Jumbo 1275

Posted on Categories Jumbo Cryptic
I found this one of the toughest Jumbos in recent memory. There were half-a-dozen unknowns for me, as well as a number of synonyms (e.g. faze=floor, poppy=catchy) that I eventually hit upon more by a process of elimination than anything else. I wasn’t a fan of any of the &lits but there were some creative bits of wordplay (e.g. the “two sons” in 44A, the alphabet reference in 52D) to enjoy. Not going to lie, though – this was rather a slog for me.

Definitions are underlined, * = anagram, {} = omission

1 At Cannes, a seafront, I confess, with a dismal prospect (11)
UNPROMISINGUN (At Cannes, a) + PROM (seafront) + I + SING (confess)
7 Pen used to check spelling test? (5,6)
MAGIC MARKER – cryptic indication where one needs to read spelling as in casting spells, i.e. MAGIC, rather than writing out the letters in a word, and one checking a test would be a MARKER
13 Blundering, in the reverse of singular valour (7-2)
DERRING-DOERRING (Blundering) in reversal of ODD (singular)
14 Self-importance put on by sergeant major from Belfast? (7)
DONNISMDON (put on) + NI SM (sergeant major from Belfast?)
15 Little support for driving on motorway, ultimately (5)
TEENYTEE (support for driving) + {o}N {motorwa}Y (on motorway, ultimately)
16 Linguistic term from SW, perhaps, used by the writer (6)
TONEMETO NE (from SW, perhaps) + ME (the writer). The implication is that if something is coming from SW (southwest) then it is going TO NE (northeast). Chambers: “(in a tone language) a phoneme which can be distinguished from another only by its particular intonation”.
17 Author has girl with hood visiting Badger’s place (8)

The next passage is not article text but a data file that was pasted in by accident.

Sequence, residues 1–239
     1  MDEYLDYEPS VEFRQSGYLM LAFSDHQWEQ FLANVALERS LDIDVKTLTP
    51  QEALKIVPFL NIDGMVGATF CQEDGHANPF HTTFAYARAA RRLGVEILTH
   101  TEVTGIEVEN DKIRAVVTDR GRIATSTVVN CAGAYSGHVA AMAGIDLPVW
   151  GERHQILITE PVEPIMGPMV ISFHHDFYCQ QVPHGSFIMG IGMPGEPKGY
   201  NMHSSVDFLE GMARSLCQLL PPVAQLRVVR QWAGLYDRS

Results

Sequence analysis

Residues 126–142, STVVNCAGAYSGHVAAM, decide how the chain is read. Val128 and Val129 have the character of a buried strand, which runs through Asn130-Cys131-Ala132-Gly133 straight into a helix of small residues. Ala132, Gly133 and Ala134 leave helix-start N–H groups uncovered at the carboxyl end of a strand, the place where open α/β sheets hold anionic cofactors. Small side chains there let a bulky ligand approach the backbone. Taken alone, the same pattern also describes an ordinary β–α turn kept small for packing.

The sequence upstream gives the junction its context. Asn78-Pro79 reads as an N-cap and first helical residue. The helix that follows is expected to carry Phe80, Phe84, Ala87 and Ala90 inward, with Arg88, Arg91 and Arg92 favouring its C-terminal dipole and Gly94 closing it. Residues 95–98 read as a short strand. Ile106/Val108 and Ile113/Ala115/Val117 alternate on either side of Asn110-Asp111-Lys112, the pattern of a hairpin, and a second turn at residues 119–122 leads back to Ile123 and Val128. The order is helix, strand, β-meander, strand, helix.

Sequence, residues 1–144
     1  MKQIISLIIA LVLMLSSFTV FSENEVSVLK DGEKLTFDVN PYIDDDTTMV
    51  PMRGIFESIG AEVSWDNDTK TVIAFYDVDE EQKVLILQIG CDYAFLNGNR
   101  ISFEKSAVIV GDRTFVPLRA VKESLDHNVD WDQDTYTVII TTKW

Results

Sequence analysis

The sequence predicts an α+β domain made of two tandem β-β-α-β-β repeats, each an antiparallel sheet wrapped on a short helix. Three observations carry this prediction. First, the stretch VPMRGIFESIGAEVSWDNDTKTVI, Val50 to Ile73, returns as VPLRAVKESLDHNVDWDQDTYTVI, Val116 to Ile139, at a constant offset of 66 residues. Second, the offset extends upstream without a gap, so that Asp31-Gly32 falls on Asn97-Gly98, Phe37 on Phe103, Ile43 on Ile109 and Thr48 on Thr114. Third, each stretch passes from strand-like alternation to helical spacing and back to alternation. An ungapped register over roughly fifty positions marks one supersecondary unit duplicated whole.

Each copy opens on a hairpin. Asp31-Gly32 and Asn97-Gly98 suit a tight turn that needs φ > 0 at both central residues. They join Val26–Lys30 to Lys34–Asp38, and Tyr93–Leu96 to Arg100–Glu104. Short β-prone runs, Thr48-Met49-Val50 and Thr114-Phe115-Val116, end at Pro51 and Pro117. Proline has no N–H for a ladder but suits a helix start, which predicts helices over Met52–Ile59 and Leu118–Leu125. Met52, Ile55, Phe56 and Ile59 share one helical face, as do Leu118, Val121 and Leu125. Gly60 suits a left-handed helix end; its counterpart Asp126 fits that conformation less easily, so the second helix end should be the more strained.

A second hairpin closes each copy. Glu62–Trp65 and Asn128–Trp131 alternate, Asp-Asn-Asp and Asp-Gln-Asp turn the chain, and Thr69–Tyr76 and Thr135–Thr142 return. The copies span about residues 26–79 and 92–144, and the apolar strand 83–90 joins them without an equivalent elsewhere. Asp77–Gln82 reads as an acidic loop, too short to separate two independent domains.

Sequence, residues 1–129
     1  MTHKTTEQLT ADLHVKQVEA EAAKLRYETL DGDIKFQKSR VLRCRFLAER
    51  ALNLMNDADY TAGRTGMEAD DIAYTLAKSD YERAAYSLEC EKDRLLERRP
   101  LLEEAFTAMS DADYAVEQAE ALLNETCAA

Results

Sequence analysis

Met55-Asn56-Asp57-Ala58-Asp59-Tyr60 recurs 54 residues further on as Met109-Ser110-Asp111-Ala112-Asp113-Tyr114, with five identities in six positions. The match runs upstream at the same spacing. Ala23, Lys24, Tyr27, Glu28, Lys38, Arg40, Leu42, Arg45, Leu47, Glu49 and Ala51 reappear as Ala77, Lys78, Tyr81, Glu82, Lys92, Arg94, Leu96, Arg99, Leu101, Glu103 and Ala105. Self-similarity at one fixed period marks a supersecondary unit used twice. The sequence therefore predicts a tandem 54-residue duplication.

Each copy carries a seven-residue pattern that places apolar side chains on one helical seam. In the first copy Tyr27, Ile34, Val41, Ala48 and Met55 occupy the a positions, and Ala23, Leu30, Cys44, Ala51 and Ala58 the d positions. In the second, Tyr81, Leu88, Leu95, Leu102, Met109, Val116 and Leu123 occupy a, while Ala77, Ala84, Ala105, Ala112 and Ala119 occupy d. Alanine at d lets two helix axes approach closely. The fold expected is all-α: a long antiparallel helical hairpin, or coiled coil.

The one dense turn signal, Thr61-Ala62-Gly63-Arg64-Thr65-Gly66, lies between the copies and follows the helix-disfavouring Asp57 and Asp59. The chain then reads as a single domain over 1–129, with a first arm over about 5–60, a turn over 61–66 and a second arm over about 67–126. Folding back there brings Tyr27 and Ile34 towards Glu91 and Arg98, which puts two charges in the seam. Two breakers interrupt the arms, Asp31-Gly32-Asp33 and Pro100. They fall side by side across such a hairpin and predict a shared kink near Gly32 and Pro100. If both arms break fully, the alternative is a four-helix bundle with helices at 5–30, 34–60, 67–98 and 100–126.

SMOLLETTMOLL (girl with hood – hood in the sense of a gangster) in SETT (Badger’s place)
18 Brief drink at the bar (7)
RUMPOLERUM (drink) + POLE (bar), with the definition in the nounal sense of a lawyer and the answer the main character in John Mortimer’s various Rumpole of the Bailey books
20 Lovers on boat breaking up at the last second — why? (3,3,3,3,5-3)
23 Percy with time to grab teaspoon (7)
HOTSPURHOUR (time) around TSP (teaspoon), to give the nickname of the medieval English nobleman Sir Henry Percy
24 Expulsion from sports stadium when pursuing rock band (7)
REMOVALREM (rock band) + OVAL (sports stadium)
26 A lark, gallivanting round quiet Indian city once (7)
LASHKAR – (A LARK)* around SH (quiet). I’m assuming the definition is referring to the fact that Lashkar is now part of the city of Gwalior rather than a city in its own right.
28 Clubs wearing light blue (4)
RACYC (Clubs) in RAY (light)
29 Abnormal perception not a thing exploited or embraced (8)
ESPOUSEDESP (Abnormal perception) + O (not a thing) + USED (exploited)
32 A cynic apt to corrupt leadership (9)
35 Sketch of food shop near smart end of village (9)
DELINEATEDELI (food shop) + NEAT (smart) + {villag}E (end of village)
36 Seductive on the outside, at any rate a minor goddess (3-5)